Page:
Before Thursday morning, a California billboard was one advertising a junk removal service. It depicted a child with his hands holding his face and his mouth open, like a “Home Alone”-style scream.

But in the early morning hours, commuters headed to San Francisco noticed something a little different. The Emeryville sign no longer read, “We make junk disappear”; now, it read, “We make kids disappear” and was signed, “I.C.E.”

Photos began appearing on social media and shortly thereafter, an activist group called INDECLINE took credit for the modifications via their Instagram. INDECLINE has been in operation since 2001, and is perhaps best known for the nude, NSFW statues of Donald Trump they placed around the country in 2016.

“This isn’t an immigration issue,” the group wrote of the billboard in the Instagram caption. “This is a humanitarian crisis.”

The accompanying video, also on their website, depicts several people in black hoodies painting over the Clear Channel Outdoor-run billboard “a couple hours before daybreak” Thursday morning.

“The issue right now is we have a president who makes it a practice to forcibly separate young children from their parents,” an unidentified spokesperson for the group told SFGATE. “It started to weigh on us more and more and it became a unique situation. We wanted to create a piece for (it).”

The spokesperson says he is not based in the Bay Area, but was driving on Interstate 880 with others in INDECLINE when they saw the 1-800-GOT-JUNK sign. After spotting it, the idea to modify it to address the administration’s immigration controversial policy of separating families at the border was “almost instantaneous.”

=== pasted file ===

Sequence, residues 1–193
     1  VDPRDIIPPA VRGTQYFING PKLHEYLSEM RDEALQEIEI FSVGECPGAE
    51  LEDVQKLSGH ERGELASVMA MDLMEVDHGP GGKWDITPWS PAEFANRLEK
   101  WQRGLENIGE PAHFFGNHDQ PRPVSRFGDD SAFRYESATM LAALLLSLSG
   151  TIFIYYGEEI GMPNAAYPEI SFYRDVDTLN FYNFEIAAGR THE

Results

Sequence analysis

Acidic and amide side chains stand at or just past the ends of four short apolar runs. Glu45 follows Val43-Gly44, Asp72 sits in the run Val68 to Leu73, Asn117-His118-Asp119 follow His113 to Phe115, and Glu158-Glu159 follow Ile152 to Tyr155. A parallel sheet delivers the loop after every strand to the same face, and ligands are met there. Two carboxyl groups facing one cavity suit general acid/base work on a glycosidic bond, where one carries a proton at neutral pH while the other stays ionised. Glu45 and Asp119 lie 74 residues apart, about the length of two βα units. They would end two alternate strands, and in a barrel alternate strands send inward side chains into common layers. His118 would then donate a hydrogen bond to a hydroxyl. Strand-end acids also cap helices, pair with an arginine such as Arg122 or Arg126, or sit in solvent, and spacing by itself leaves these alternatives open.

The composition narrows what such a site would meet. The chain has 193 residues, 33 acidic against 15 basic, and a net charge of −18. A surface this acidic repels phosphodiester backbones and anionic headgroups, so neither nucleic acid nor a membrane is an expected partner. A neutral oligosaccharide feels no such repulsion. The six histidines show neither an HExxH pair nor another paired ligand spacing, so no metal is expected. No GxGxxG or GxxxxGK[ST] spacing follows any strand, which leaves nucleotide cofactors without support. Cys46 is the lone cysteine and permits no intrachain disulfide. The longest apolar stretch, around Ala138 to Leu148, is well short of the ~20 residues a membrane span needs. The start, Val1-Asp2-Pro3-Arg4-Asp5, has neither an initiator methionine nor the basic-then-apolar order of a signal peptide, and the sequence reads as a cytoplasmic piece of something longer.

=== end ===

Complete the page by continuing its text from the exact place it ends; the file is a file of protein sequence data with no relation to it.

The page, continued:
“For the common person, it’s a little eye opening to be driving to work and see a corporate billboard change,” the spokesperson added. “They can look at this and see people are risking their personal safety to deliver this message … (The immigration issue) isn’t a thing that’s done and over with. We still have a clear-cut issue with our immigration policies. (This billboard project) is about awareness and inspiration.”

Jason King, a spokesperson for Clear Channel Outdoor, tells SFGATE that the company is “aware of the vandalism and are working to repair, replace or remove the defaced ad by close of business today.”

California’s penalties for vandalism vary based on the particular offense. Damages amounting to more than $400 could mean a jail sentence for up to one year or a fine of up to $10,000.



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